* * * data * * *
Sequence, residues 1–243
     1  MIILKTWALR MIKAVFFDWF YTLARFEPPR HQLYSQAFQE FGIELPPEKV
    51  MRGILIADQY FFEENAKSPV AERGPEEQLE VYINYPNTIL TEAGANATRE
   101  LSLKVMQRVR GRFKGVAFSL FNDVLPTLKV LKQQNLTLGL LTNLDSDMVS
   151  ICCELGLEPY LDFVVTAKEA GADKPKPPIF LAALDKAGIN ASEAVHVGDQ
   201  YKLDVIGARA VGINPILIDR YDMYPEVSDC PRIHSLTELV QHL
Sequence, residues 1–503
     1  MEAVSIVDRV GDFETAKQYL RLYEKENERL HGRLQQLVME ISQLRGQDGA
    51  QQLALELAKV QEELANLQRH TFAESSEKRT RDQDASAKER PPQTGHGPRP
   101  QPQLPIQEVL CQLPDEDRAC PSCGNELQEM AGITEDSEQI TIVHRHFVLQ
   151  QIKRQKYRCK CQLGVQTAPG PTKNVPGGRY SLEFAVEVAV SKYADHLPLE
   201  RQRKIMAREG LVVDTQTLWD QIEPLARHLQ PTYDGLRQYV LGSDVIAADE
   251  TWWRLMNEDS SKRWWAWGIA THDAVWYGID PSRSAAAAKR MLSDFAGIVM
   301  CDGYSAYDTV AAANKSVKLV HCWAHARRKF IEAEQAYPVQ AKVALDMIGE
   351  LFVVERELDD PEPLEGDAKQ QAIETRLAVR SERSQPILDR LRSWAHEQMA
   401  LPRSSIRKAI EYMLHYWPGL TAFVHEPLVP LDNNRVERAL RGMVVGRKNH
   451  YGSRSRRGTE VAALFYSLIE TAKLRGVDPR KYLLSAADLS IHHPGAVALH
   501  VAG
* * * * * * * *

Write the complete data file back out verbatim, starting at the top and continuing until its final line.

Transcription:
Sequence, residues 1–243
     1  MIILKTWALR MIKAVFFDWF YTLARFEPPR HQLYSQAFQE FGIELPPEKV
    51  MRGILIADQY FFEENAKSPV AERGPEEQLE VYINYPNTIL TEAGANATRE
   101  LSLKVMQRVR GRFKGVAFSL FNDVLPTLKV LKQQNLTLGL LTNLDSDMVS
   151  ICCELGLEPY LDFVVTAKEA GADKPKPPIF LAALDKAGIN ASEAVHVGDQ
   201  YKLDVIGARA VGINPILIDR YDMYPEVSDC PRIHSLTELV QHL
Sequence, residues 1–503
     1  MEAVSIVDRV GDFETAKQYL RLYEKENERL HGRLQQLVME ISQLRGQDGA
    51  QQLALELAKV QEELANLQRH TFAESSEKRT RDQDASAKER PPQTGHGPRP
   101  QPQLPIQEVL CQLPDEDRAC PSCGNELQEM AGITEDSEQI TIVHRHFVLQ
   151  QIKRQKYRCK CQLGVQTAPG PTKNVPGGRY SLEFAVEVAV SKYADHLPLE
   201  RQRKIMAREG LVVDTQTLWD QIEPLARHLQ PTYDGLRQYV LGSDVIAADE
   251  TWWRLMNEDS SKRWWAWGIA THDAVWYGID PSRSAAAAKR MLSDFAGIVM
   301  CDGYSAYDTV AAANKSVKLV HCWAHARRKF IEAEQAYPVQ AKVALDMIGE
   351  LFVVERELDD PEPLEGDAKQ QAIETRLAVR SERSQPILDR LRSWAHEQMA
   401  LPRSSIRKAI EYMLHYWPGL TAFVHEPLVP LDNNRVERAL RGMVVGRKNH
   451  YGSRSRRGTE VAALFYSLIE TAKLRGVDPR KYLLSAADLS IHHPGAVALH
   501  VAG